Minnelide: a possible new drug for the treatment of CRPC?

According to a recently published article in The Prostate, researchers at the University of Minnesota have developed a new type of drug that they believe may have high therapeutic potential in the treatment of castration-resistant prostate cancer (CRPC). … READ MORE …

“Competitive analysis” in the development of drugs for advanced prostate cancer

So the other morning your sitemaster learned that a relatively new FirstWord Therapy Report had come out that dealt with future use of biopharmaceuticals in the treatment of progressive and advanced prostate cancer. … READ MORE …

The history of the clinical trials process

Readers with an interest in how we got to today’s clinical trials processes for evaluating new drugs for the treatment of prostate cancer and other diseases might be surprised by what’s in an article in this week’s New England Journal of Medicine. … READ MORE …

Effective, safe, and as fast as reasonably possible

For readers who are interested in the processes and the speed with which potential new cancer drugs can be brought to market here in the USA (and other places around the world too), there in an important article in this week’s New England Journal of Medicine. … READ MORE …

What’s a clonal neoantigen when it’s at home? And why is it important?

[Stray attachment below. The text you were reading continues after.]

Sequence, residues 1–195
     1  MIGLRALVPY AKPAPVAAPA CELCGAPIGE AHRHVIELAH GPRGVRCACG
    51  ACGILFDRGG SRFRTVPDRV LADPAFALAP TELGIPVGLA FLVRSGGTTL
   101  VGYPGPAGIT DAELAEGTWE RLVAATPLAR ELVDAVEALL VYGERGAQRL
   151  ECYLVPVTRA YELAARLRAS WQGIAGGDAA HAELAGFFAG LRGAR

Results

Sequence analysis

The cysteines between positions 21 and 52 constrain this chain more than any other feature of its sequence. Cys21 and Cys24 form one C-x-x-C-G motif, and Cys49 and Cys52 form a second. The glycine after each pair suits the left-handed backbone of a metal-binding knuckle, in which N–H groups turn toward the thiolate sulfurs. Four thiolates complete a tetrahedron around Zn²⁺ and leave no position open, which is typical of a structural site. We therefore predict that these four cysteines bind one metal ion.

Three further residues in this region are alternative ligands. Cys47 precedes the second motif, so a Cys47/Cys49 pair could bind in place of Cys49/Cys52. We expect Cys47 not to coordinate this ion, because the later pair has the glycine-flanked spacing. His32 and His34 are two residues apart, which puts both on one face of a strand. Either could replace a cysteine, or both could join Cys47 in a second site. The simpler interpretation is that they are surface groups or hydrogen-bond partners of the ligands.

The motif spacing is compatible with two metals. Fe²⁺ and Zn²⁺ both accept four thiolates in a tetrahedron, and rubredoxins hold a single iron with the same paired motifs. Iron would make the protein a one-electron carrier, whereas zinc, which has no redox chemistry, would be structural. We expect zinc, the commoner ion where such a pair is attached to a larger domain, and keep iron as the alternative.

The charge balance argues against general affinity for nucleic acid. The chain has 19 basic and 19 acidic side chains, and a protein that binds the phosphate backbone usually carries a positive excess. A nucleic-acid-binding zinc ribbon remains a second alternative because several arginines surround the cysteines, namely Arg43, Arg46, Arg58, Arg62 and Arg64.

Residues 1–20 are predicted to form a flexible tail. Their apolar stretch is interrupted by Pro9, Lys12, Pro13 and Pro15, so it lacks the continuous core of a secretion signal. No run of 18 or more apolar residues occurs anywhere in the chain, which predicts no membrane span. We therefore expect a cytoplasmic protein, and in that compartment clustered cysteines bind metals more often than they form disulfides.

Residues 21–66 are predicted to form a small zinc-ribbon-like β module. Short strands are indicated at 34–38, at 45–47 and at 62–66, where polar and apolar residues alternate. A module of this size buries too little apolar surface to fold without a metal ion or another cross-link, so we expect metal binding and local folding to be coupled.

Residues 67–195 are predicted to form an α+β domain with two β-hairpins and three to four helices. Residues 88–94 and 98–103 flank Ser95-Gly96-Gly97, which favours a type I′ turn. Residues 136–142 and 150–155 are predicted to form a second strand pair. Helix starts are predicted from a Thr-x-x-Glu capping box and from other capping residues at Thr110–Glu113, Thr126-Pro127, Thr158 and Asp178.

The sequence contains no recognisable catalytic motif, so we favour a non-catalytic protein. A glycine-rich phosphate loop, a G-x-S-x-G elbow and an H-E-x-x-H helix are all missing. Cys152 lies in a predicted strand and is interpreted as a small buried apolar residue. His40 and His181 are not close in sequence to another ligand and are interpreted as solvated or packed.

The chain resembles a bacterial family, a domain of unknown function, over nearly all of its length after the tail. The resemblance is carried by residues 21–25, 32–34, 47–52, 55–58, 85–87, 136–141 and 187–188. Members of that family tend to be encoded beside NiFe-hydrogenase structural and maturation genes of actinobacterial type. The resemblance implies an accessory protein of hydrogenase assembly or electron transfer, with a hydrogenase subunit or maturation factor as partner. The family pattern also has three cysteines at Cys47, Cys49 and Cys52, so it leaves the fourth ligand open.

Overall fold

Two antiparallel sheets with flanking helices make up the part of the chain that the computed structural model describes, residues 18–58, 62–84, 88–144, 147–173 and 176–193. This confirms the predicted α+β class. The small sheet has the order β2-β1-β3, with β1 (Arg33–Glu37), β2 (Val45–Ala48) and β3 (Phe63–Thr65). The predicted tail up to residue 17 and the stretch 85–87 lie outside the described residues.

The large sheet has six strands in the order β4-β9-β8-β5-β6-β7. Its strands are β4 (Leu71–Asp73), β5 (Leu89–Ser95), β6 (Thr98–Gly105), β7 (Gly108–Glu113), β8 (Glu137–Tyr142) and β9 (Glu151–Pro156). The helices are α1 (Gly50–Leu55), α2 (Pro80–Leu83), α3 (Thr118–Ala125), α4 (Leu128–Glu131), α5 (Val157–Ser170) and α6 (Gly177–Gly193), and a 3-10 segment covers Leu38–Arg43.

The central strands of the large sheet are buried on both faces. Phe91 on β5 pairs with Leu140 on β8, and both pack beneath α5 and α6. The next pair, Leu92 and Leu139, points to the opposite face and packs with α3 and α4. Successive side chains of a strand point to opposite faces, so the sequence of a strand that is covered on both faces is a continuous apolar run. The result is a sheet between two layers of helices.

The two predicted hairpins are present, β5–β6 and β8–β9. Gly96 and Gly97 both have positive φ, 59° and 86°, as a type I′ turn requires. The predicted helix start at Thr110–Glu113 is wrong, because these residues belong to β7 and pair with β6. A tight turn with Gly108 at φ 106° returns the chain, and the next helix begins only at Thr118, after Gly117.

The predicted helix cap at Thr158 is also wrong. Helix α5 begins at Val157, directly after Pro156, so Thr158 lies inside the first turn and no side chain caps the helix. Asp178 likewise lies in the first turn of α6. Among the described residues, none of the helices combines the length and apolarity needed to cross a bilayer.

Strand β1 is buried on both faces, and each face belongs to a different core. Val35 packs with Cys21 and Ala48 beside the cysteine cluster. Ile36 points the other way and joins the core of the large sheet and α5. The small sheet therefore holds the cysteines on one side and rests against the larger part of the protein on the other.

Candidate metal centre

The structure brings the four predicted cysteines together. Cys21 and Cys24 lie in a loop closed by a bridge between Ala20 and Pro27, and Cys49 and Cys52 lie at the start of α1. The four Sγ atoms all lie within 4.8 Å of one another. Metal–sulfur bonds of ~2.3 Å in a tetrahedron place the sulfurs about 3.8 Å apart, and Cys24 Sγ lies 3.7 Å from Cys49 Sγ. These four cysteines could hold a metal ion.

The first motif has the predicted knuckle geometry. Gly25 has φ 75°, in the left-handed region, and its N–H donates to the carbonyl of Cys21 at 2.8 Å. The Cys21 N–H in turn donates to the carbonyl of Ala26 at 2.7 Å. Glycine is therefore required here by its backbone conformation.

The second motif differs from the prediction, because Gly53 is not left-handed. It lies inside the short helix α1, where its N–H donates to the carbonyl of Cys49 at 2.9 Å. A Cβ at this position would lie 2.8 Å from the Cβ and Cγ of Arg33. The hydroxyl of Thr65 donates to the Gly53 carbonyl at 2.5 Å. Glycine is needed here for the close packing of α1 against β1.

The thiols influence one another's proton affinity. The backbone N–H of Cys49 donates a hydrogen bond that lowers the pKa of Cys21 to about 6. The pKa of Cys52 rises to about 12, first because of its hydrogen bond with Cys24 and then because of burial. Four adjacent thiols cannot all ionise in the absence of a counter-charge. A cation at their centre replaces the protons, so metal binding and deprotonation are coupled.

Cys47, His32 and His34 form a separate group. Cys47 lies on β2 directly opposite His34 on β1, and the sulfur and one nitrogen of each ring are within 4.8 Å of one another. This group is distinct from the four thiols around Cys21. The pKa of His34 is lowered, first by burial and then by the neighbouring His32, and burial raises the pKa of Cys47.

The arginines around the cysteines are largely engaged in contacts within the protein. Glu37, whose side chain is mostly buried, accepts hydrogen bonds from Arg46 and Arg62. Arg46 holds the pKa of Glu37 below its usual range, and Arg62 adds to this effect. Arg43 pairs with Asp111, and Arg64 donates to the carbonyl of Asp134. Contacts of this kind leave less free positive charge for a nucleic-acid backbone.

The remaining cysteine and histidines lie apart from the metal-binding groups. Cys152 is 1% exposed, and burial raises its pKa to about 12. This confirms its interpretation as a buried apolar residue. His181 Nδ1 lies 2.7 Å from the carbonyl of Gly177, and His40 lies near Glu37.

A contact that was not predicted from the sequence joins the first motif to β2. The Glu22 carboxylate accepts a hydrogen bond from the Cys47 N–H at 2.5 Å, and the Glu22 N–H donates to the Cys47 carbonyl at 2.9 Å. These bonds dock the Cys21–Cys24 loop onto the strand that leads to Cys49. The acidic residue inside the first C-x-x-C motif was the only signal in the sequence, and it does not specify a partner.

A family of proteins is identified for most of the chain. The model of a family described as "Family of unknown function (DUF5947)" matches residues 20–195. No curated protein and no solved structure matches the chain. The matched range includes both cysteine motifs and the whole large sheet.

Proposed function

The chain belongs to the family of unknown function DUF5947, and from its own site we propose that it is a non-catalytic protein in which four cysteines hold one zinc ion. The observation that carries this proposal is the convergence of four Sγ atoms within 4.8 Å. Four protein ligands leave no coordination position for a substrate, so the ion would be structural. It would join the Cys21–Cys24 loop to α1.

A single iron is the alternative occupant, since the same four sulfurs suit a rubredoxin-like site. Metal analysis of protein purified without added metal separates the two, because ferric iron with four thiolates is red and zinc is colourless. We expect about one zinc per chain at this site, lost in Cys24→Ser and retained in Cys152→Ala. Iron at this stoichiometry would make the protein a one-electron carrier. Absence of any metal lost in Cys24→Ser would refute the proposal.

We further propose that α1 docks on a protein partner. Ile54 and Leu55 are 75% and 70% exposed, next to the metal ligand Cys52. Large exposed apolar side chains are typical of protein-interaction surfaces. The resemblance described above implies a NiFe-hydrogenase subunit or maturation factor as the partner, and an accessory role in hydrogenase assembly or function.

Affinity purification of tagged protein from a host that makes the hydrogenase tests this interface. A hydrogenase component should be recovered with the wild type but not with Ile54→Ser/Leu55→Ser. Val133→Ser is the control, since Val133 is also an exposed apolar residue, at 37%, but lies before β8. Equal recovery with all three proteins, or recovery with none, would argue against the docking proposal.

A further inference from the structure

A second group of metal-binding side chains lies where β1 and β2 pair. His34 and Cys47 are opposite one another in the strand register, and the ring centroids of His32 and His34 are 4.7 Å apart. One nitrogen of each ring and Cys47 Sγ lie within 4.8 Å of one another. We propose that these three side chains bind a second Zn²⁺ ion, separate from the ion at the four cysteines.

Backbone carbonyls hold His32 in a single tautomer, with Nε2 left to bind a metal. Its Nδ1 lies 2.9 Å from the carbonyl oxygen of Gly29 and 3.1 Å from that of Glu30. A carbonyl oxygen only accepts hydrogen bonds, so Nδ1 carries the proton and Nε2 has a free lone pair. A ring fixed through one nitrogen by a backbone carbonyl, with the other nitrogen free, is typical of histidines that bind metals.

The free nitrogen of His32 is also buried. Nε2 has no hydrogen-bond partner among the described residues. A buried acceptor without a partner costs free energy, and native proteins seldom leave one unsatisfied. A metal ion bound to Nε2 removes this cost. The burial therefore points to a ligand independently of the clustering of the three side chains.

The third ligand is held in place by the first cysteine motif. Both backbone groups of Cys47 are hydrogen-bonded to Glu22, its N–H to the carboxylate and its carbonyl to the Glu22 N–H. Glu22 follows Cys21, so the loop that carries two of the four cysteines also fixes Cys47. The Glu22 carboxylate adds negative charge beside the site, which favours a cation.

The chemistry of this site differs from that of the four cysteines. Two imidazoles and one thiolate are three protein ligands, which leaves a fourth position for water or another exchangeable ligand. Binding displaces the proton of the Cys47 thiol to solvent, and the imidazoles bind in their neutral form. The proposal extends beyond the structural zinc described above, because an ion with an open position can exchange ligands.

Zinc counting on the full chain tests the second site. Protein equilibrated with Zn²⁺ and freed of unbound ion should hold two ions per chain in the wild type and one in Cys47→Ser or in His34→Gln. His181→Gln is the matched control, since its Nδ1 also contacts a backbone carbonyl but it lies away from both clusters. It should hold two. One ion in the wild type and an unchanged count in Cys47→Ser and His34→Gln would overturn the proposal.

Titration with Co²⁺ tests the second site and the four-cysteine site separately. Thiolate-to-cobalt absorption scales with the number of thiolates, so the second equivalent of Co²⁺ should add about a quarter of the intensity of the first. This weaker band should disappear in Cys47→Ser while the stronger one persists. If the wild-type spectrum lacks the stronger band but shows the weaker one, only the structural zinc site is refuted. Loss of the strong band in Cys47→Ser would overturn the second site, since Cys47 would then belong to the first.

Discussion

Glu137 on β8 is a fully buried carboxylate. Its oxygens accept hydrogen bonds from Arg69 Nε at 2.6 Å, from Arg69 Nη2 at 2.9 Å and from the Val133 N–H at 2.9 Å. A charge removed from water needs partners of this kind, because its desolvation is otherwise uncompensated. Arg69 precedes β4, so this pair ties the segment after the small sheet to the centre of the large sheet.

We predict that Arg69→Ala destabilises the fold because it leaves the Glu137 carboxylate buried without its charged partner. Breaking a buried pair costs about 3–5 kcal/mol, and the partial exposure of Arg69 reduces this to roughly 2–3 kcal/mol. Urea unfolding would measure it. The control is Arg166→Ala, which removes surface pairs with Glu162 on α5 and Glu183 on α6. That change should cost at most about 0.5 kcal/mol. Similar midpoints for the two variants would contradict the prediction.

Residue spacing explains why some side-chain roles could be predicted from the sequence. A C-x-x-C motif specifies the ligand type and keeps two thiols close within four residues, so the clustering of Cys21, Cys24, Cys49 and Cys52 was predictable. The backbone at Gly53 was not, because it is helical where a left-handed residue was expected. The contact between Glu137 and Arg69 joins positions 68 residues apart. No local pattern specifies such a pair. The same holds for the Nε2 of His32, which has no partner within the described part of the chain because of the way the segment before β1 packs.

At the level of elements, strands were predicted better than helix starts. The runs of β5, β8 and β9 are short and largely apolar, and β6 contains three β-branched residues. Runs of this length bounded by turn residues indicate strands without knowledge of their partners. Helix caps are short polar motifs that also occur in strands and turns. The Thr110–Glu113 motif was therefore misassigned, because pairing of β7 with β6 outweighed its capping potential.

Many readers of this blog will be aware of the development of immunotherapies like sipuleucel-T (Provenge), CAR-T for the treatment of leukemias, and checkpoint inhibitors in the treatment of some forms of solid tumor (lung cancers, melanoma). … READ MORE …

Master gene reprogramming and the development of prostate cancer

According to an hypothesis just published by a group of researchers at the Dana-Farber Cancer Institute in Boston, they have identified “a new epigenetic program occurring as you transition from normal to tumor cells” in the development of prostate cancer. … READ MORE …

Patient-reported outcomes and prostate cancer drug development

There is an excellent opinion piece in this this week’s New England Journal of Medicine that addresses the need for greater focus on patient-reported outcomes in the development of drugs for the treatment of cancer. … READ MORE …